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Published:July 27th, 2006 08:59 EST
Queen of Pop Ready To Jump

Queen of Pop Ready To Jump

By Maria Grella


The Queen of Pop may have unleashed her "Confessions On A Dance Floor," but top 40 radio couldn`t be less interested in hearing it.
"Hung Up", her first release from the dance record, got a fair amount of play, however, by the time "Sorry" hit airwaves, radio was apologizing for the small splash it made.

"Get Together" has been basically ignored, and the fourth song to try to bounce Madonna back onto the charts, is crowd pleaser and commercial friendly, "Jump."

Fans have been left wondering if Madonna is losing her reign. One reason behind the apparent boycott is that mainstream radio is more hip hop driven and Madonna`s latest album is a combination of techno-disco-dance-pop. Many fans love the sound and are fighting to get her Majesty back to her rightful place.

On, over 6,200 followers have virtually signed a petition, aimed at Mark P. Mays, CEO of Clear Channel Communications, the largest radio conglomerate in the United States. This "End the Madonna on U.S. Radio Boycott" is an appeal to cease the real or imagined refusal of top 40 radio to play Madonna songs.  The petition suggests that since her video for the single "American Life," which was riddled with controversy, radio has banished her from their play roster.  It also accuses Clear Channel of being largely run by republicans supporting the war in Iraq, unlike Madonna, who has been outspoken about the war.

Addressed to all pop music lovers, it also calls for everyone, not only Madonna admirers, to sign and make a stand against radio`s disinterest against artists whose label refuses to pay-for-play, referencing the payola scandal the four major labels and various radio stations have been involved in.  The form says how unfair it is that mainstream radio is hip hop and rhythm & blues based, blocking the chances of alternative musical styles from reaching the listeners.  Consequently, the audience at large is denied these songs and the charts do not fairly represent what today`s top music is.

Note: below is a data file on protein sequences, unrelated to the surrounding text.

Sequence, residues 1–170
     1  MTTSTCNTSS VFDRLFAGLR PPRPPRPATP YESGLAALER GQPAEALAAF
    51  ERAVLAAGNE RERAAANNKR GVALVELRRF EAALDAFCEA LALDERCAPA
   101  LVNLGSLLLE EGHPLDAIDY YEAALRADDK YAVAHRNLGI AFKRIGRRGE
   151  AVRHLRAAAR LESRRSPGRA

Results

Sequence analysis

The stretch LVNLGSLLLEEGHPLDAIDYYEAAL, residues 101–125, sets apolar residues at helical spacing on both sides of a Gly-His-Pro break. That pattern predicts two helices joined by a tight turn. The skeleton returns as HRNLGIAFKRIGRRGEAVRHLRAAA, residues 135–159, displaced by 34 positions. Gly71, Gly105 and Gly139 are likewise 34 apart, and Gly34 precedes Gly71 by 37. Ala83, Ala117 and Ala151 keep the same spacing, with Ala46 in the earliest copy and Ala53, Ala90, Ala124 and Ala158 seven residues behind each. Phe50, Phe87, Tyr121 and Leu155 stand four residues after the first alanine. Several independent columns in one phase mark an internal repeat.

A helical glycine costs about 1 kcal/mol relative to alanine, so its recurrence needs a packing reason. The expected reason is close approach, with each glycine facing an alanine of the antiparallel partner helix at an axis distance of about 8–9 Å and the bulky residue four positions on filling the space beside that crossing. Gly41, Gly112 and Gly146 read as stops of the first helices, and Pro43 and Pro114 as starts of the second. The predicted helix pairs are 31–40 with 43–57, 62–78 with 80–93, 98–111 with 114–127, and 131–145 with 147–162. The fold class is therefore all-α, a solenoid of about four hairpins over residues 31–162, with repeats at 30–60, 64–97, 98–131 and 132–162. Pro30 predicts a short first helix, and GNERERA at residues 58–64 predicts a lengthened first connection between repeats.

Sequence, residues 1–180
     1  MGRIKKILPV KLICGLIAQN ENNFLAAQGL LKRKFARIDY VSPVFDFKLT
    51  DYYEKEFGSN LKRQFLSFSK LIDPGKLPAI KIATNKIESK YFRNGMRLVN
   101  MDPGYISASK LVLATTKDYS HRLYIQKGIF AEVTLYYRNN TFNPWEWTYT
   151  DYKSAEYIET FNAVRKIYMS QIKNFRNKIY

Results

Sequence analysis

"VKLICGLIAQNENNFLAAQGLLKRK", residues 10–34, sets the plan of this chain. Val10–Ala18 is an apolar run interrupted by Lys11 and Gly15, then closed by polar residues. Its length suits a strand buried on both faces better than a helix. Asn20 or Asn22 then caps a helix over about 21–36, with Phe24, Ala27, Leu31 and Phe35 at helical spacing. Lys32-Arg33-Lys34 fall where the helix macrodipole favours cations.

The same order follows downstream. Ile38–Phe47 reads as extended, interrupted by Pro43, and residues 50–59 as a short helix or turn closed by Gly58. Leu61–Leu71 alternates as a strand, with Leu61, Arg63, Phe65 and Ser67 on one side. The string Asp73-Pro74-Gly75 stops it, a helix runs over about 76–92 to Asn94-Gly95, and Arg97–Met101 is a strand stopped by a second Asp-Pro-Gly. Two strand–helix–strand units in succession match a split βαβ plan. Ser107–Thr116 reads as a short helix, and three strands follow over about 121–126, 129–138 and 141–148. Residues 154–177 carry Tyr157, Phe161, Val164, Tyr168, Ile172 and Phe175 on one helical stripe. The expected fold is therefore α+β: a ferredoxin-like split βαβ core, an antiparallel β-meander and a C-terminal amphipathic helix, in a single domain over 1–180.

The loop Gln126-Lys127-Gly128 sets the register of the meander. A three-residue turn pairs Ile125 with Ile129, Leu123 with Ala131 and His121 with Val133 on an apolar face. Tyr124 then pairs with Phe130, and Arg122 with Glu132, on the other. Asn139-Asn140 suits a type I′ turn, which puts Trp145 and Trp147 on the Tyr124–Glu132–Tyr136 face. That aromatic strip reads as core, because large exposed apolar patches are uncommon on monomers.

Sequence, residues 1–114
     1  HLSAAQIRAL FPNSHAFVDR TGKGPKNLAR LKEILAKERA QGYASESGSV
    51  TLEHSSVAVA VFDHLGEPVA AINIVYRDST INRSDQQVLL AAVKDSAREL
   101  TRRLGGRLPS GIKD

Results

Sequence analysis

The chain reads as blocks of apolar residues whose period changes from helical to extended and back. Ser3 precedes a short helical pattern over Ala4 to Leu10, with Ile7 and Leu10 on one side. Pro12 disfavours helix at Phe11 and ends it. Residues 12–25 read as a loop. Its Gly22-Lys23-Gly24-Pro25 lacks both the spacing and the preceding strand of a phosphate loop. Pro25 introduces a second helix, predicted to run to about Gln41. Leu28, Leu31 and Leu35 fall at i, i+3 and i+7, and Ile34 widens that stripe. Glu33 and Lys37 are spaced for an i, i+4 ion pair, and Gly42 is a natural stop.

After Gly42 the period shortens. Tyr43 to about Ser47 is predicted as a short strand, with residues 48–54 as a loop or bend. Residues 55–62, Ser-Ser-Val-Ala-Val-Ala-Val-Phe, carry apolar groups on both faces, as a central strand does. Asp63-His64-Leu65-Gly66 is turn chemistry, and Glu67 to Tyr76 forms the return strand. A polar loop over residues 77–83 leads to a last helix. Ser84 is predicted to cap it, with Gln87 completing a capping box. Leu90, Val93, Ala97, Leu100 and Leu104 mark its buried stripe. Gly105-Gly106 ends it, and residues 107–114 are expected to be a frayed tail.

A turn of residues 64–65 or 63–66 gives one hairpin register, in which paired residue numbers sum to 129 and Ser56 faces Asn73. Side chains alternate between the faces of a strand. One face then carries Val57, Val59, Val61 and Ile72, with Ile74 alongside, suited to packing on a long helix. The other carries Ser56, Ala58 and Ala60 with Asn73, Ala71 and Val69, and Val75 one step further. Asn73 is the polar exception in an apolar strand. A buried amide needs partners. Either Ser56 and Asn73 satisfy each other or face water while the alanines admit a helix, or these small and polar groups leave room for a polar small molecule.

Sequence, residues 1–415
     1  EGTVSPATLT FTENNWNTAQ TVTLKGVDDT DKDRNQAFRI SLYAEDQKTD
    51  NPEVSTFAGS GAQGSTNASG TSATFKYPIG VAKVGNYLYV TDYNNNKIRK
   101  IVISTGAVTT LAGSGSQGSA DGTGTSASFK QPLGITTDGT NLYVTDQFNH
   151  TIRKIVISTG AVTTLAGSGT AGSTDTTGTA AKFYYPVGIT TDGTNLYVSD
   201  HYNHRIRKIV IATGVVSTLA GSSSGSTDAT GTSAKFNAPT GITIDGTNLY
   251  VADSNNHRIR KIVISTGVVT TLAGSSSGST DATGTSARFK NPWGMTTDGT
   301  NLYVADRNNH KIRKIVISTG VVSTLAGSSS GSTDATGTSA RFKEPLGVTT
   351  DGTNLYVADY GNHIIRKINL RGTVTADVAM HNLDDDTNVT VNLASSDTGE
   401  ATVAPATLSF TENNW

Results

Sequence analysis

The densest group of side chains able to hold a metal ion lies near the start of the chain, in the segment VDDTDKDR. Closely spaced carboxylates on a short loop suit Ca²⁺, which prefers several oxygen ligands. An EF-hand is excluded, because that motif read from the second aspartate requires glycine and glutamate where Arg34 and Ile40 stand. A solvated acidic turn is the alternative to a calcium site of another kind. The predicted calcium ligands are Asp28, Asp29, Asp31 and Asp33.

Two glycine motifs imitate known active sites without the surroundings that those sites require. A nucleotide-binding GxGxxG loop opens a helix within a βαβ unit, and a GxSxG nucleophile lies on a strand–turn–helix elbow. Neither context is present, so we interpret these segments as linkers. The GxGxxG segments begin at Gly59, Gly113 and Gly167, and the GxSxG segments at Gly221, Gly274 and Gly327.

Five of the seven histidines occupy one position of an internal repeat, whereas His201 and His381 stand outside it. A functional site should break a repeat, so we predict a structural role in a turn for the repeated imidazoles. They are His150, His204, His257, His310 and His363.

Message boards on Entertainment Weekly, VH1 and others are flooded with support of the "Material Girl," and wonder over conspiracy theories regarding the exile of Madonna`s music.  Critics suggest that while artists such as Nelly Furtado and Mariah Carey have changed with the times, Madonna has gone retro. Furtado and Carey have gone in a new musical direction, infusing more r&b and hip hop into their songs, while Madonna has chosen to drop back to her dance roots. Though the Queen of Pop can be called the queen of reinvention, this time around, she may lose.

While some radio program directors feel Madonna needs to be taken on a track by track basis before adding it to their play lists, others say that her tracks haven`t been given the chance for the audience to warm up to them.  The album, despite poor radio presence, has sold 1.5 million copies, double 2003`s "American Life" flop, which only sold 666,000.  

Internationally, her success is a different story. According to Warner Bros., since its release last November, "Confessions On A Dance Floor" has topped the charts in 29 countries, selling more than 8 million copies worldwide. On American soil, "Get Together" had fewer than one million listeners, while overseas in the United Kingdom, she`s garnered 38.4 million listeners.

Warner Bros. remains optimistic for her fourth single, "Jump," which has already been used in promotional radio and television ads for the movie, "The Devil Wears Prada."  Currently, Madonna is in the midst of a sold-out North American tour and is set to break records with its earnings as the top grossing tour ever by a female artist.  The tour has already raked in over $200 million.

To sign the petition ending the Madonna boycott on U.S. radio, please visit: